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The Top Stress-Management Exercises

Posted by on Apr. 13, 2011 at 10:47 AM
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The Top Stress-Management Exercises

Any exercise can offer mind-body benefits, but activities that add breathing and meditation to movement are top choices for stress management.

You probably already know that regular exercise can help you control your weight and protect your health from various diseases. But exercise can also help with stress management.

Stress management

“Exercise releases endorphins,” says Rona Lewis, a certified personal trainer in Los Angeles, “and endorphins are energy-producing proteins that make us feel better and improve our mood.”

Any exercise can help reduce stress, so choose one that you enjoy, says Suzanne Reilley, also a certified personal trainer in the Los Angeles area. “I’m a rock climber and when I climb, I feel it’s a meditative dance at the wall. Any stressful thoughts I have on my mind go away. For me it’s a huge stress reducer.” However, she says, if you have a fear of heights, rock climbing would be too stressful. You need to find a stress-reducing activity that suits you.

The Magic of Mind-Body Exercises

Mind-body exercises are physical activities that focus on breathing, mental concentration, and a higher awareness of your movements. These disciplines are known to be great for stress management:

  • Yoga. You can find all kinds of yoga classes designed around various moving and stationary poses, some more intense than others, Reilley says. Many people find that classes labeled “gentle” or “for beginners” are best for stress relief. However, it really depends on you and what you find works well, she says. Yoga requires that you concentrate on your breathing, which helps makes it a stress management exercise.
  • Tai chi. Like yoga, tai chi is a combination of flowing body movements and meditation. Because tai chi requires that you concentrate and relax, it’s a physical exercise that calms the mind as well. Like yoga, tai chi can vary in intensity and focus, and you need to choose the class level that’s right for you.
  • Pilates. Pilates is a series of movements and stretches that strengthen and tone muscle, improve flexibility and balance, and unite the mind and body. The end result: You burn calories while learning to relax.

More Great Stress-Relieving Exercises

If mind-body exercises aren’t right for you, you can still find stress management through your workouts. Any type of physical fitness can release built up energy and stress. Here are some favorites:

  • Kickboxing. You can release your frustrations with this high-energy workout, which makes it a great stress-management exercise. When you learn kickboxing, you also learn how to breathe correctly, which helps you release stress from your body.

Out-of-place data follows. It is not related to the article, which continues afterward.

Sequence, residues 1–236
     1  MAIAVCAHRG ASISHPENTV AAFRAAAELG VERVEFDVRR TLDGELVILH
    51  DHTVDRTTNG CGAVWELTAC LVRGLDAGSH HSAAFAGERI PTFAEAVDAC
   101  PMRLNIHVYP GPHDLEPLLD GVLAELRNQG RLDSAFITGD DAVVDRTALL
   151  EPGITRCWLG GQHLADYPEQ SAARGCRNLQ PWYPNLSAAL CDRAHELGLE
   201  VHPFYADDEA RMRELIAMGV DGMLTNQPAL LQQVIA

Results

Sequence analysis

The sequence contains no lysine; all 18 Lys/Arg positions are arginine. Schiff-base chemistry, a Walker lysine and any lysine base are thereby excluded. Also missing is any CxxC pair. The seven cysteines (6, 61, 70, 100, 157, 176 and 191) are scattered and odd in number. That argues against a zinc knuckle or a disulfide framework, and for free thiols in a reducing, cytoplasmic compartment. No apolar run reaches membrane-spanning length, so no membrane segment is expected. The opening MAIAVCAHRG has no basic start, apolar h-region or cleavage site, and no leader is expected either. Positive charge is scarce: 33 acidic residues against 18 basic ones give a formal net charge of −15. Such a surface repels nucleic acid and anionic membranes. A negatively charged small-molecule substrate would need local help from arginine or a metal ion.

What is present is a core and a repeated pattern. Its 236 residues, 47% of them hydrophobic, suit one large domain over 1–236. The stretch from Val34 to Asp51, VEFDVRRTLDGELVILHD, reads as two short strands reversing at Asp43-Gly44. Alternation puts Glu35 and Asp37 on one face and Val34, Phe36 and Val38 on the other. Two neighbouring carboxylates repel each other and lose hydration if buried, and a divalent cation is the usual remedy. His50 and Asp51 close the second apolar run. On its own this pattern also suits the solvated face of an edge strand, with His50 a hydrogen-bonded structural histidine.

• Walking or running. Many people find that going for a walk or a run provides more than a great workout — it also helps clear their head, Lewis says. Getting outdoors for your jogs is good because the sunshine and nature can be mood lifters, too.
  • Going with the buddy system. Another workout tip for stress relief is to exercise with a friend. “While you’re exercising, you’re chatting,” says Reilley. “If it’s about what’s stressing you out, that conversation can give you ideas for solving your problems.” And if you talk about another topic, you can get your mind off your troubles, she adds.

To help reduce stress levels, you need at least 20 minutes of aerobic exercise, Lewis says. To get the most benefits, you should exercise for at least 30 minutes five or six times a week. But even a small amount of exercise will help lift your mood.

When to exercise depends on what’s best for you. “Exercise when you can or when you feel up to it,” Lewis says. For some people that is first thing in the morning, before the busyness of the day begins; and for others working out at the end of the day helps them relax and unwind.

The most important thing for stress management and your overall health is simply to exercise — and you’re more likely to keep it up if you can find exercises you enjoy, a workout buddy to keep you motivated, and a time that fits your schedule.

Last Updated: 03/02/2011
This section created and produced exclusively by the editorial staff of © 2011; all rights reserved.

by on Apr. 13, 2011 at 10:47 AM
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